Prince Charming plays a major role in many of the stories acted out at Treehouse Museum, but there's no Prince Charming in this play.
"Urashima Taro, he's just an ordinary kind of fisherman, but he's very kind and has a good heart," said Rob Goodwin, who wrote the script and plays the lead role.
The curtain rises on "The Fisherman" at 6 p.m. each Saturday in March. An additional performance starts at 7:15 p.m. March 26.
"The Fisherman" is based on a traditional Japanese folk tale.
"It's about this ordinary fisherman who has a fantastic voyage into the world under the sea, and ultimately has to come back in some way," said Goodwin, of North Ogden. "He meets the Princess of the Dragon, and because he's a good man with a good heart, she invites him to go down and visit her kingdom under the sea. ... He has to deal with sharks, and winds up winning the princess's hand in marriage."
Treehouse Troupe, the children's museum's acting company, does three plays each year. Two of the plays are typically based on well-known fairy tales; the third is usually from another country.
"We travel around the world with the stories, and we hadn't done one from Japan," said Goodwin.
"The Fisherman" was selected because the museum has a copy of the story in one of its exhibits.
Tradition, pop culture
Goodwin became the play's writer because of his background. As the son of the Treehouse Museum's director, he's spent a lot of time in the museum and knows the audience. Better yet, he studied creative writing while earning an undergraduate degree in English. To top it off, he recently completed a master's degree in Asian studies.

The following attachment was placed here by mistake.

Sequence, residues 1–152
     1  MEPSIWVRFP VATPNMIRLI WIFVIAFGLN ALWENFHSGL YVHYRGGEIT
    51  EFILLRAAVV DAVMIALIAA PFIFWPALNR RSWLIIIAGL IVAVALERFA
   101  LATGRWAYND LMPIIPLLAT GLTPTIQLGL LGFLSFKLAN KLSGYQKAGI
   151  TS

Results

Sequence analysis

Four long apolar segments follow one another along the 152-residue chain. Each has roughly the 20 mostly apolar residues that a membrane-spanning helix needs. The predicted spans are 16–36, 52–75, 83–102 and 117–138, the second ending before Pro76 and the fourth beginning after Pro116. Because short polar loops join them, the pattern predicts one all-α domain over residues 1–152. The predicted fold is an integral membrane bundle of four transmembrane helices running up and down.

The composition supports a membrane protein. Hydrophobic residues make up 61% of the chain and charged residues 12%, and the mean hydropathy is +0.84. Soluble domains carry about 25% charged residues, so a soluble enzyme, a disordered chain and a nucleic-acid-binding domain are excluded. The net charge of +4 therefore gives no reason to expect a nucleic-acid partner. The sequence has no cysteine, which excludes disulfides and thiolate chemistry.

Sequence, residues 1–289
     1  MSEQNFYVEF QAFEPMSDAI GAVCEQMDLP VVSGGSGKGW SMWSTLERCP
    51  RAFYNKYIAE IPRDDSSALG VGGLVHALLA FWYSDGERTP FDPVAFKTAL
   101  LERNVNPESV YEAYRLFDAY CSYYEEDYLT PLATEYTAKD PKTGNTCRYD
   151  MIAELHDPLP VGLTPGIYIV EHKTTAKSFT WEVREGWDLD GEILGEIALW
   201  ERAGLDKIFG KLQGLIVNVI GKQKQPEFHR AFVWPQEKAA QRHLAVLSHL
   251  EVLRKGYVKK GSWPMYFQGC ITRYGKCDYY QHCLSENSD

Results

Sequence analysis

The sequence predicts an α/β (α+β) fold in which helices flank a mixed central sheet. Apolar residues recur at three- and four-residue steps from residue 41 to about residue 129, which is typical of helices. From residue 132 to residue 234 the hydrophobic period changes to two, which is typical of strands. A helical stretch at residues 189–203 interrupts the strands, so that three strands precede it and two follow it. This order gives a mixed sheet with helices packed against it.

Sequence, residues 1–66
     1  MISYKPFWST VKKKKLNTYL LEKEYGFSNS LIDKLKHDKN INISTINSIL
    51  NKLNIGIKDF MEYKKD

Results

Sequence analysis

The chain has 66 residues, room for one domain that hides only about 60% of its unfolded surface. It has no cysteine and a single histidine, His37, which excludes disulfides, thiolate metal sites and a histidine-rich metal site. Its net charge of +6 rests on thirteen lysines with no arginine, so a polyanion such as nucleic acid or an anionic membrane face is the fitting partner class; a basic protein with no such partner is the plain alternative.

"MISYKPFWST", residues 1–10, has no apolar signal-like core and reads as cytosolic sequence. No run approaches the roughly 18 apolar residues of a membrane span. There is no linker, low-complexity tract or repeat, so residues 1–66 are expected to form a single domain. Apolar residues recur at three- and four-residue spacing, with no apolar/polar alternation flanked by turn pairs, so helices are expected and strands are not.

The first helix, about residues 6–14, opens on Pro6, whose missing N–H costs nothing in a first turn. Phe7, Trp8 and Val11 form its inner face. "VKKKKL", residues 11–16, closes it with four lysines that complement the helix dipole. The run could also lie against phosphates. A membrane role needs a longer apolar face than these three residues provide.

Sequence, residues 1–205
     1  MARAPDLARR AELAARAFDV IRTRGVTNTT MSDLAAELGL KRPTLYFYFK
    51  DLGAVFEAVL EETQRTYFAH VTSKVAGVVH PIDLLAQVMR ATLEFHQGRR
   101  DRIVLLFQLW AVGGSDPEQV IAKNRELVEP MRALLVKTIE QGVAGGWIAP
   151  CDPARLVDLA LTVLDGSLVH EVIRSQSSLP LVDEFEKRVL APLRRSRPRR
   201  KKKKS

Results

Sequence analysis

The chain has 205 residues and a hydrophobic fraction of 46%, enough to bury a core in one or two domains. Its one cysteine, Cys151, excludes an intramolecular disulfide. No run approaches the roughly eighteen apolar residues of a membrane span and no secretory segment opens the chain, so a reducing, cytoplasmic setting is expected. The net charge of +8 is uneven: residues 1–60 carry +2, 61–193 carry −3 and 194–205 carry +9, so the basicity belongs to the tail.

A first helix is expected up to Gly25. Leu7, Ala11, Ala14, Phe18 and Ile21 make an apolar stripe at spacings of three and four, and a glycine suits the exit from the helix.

Goodwin spent more than a year living in Japan during his studies, and used his knowledge of the country to add to the script.
"We tried to use some Japanese language," he said, adding that words and phrases will be translated for the audience.
The actors are learning traditional Japanese greetings, aisatsu, that include bowing.
"We've tried to use the formality, and structured tiers of society, because he's a fisherman who meets a king and princess," Goodwin said.
In addition to traditional Japanese culture, Treehouse Troupe's version of "The Fisherman" incorporates pop culture.
"We didn't want to pretend to be Japanese, but we wanted to get the feel and vibe as much as we could," Goodwin said. "Japanese pop culture looked like a good way to solve that."
Goodwin and Ogden actors Wes Whitby, Michael Rackham and Sarah Dosier will be costumed in kimonos and crazy wigs with an anime look.
Happier ever after
Capturing the look of Japan was easier than capturing the look of the sea. Kelp and coral add to the set, as do a shark costume and a little bit of stage magic.
Another challenge was creating the play's ending.
The traditional ending of "The Fisherman" is sad.
"Nobody's in tears, but it usually has a fairly harsh ending in the Japanese version. We're not doing that," he said. "We're kind of making it a little more upbeat."